Thursday, January 18, 2007

Photo: Iraqis embrace each other as they mourn during the funeral of a relative in the holy city of Najaf. Car bombs have rocked Baghdad and the northern city of Mosul, killing at least 19 people, as Prime Minister Nuri al-Maliki pressed Washington to better equip his army so that foreign troops can withdraw from Iraq.(AFP/Qassem Zein)
A Baghdad Mahdi Army commander said U.S. and Iraqi troops launched a major campaign Tuesday in Um al-Maalef, a Shiite neighbourhood in south Baghdad. "They detained every man who was able to carry weapons. We heard from our people in the area that about 400 people were detained," said the militia commander on condition of anonymity because senior figures in the group are not permitted to give their names.
Ten people died and 30 others were wounded when three car bombers simultaneously attacked the al-Rasheed vegetable market in the southern Dora district.
A bomb exploded in central Baghdad at rush hour, killing four people and wounding 11, two other police officers said. One said the death toll was expected to rise.
A car bomb targeting an Iraqi police patrol exploded in central Baghdad, killing four people and wounding 10 others, an Interior Ministry official said. The casualties were a mix of police and civilians.
An explosion in eastern Baghdad's Khamsara district killed three and wounded seven.
A bomb blast in a parked car killed three civilians and wounded seven others in the Camp Sara neighborhood in southeastern Baghdad.
Gunmen opened fire on an Iraqi police patrol near al-Shaab stadium in eastern Baghdad, killing one policeman and wounding another, police said.
A car bomb parked near a police station in the western Al-Mashtal neighborhood exploded, killing at least one person and wounding six, an Interior Ministry source said. All were civilians.
Iraqi soldiers killed three insurgents and arrested 57 others during the last 24 hours in different parts of Iraq, the Defence Ministry said.
Mortars killed four people and wounded 13 more on Wednesday night in northern Baghdad.
Two people were killed and four wounded in a car bomb in the New Baghdad district in the east of the capital, police said.
Gunmen shot up a convoy of democracy workers in an ambush that took the lives of an American woman and three bodyguards. (…)
The three-car convoy belonged to the Washington-based National Democratic Institute, according to Les Campbell, the not-for-profit group's Middle East director. He said the four dead included an American woman along with three security contractors — a Hungarian, a Croatian and an Iraqi. Two others were wounded, one seriously, Campbell said by telephone from Washington.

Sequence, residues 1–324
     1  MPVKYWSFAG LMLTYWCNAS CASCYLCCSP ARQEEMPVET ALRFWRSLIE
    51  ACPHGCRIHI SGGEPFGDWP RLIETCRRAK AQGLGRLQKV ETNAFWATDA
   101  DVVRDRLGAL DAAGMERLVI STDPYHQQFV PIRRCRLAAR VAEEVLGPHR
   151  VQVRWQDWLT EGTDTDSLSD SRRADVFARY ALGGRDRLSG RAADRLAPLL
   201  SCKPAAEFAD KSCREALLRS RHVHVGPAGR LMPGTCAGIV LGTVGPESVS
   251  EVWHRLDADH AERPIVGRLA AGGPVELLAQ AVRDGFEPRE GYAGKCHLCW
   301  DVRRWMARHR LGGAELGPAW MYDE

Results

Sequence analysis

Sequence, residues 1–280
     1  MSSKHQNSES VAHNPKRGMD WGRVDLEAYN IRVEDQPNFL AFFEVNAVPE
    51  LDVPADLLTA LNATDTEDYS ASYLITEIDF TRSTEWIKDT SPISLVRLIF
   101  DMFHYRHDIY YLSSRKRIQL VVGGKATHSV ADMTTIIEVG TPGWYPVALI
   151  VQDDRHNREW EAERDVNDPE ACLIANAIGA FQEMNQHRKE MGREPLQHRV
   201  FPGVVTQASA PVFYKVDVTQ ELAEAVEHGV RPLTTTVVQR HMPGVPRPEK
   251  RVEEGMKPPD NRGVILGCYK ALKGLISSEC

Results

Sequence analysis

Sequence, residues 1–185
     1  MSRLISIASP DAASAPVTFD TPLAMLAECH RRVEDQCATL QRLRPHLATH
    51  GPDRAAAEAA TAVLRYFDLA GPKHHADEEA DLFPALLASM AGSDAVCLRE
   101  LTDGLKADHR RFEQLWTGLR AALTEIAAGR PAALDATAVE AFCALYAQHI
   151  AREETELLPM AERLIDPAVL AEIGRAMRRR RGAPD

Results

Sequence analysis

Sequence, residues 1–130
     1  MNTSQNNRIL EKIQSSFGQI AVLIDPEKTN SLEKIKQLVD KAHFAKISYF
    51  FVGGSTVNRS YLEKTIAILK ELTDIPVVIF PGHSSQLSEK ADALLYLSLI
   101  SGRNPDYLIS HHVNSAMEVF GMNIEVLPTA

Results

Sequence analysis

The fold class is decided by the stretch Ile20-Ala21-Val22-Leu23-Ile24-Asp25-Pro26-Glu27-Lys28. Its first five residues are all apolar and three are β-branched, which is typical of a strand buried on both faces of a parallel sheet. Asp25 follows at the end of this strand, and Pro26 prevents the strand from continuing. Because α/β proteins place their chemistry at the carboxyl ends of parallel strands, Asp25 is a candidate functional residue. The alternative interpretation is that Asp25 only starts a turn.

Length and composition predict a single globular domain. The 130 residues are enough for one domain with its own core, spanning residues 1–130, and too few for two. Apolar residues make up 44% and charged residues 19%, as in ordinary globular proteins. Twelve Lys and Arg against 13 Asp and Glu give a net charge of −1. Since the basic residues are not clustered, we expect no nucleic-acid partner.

Gunmen attacked a civilian car and wounded its driver in the town of Kifil, near Najaf, 160 km (100 miles) south of Baghdad.
Police said they found a body of a man, bound and shot dead, in Iskandariya, 40 km (25 miles) south of Baghdad.
Gunmen attacked a police checkpoint in Iskandariya, 40 km (25 miles) south of Baghdad, killing three and wounding one.
Gunmen launched two separate attacks last night on the British forces base in al-Saii district in downtown, she told the independent news agency Voices of Iraq (VOI) by telephone. The British forces returned fire and two attackers were wounded by British snipers fire, the spokeswoman added.
(update) A British soldier was injured on Wednesday when 13 katyusha rockets fell on the British base in the presidential palaces in central Basra.
A mine exploded at British boats in Shatt al-Arab, then the boats came under heavy firing by light arms from the two banks of Shatt al-Arab, the spokeswoman for the Multi-National forces in south Iraq told the independent news agency Voices of Iraq (VOI) by telephone. She said there were reports that eight civilians including three school girls were wounded and taken to hospital. It was not clear if the civilians were injured by the British troops or the gunmen fire, the spokeswoman said. A police source in Basra has earlier said that a British soldier was wounded when a mine exploded at a British boat in Shatt al-Arab.
A roadside bomb targeting a police patrol wounded three policemen in Samarra, 100 km (60 miles) north of Baghdad, the Iraqi-U.S. Joint Military Centre said.
Iraqi police seized 83 crude oil trucks in the city of Tikrit, 175 km (110 miles) north of Baghdad, police said. The trucks were heading to Kurdistan in northern Iraq.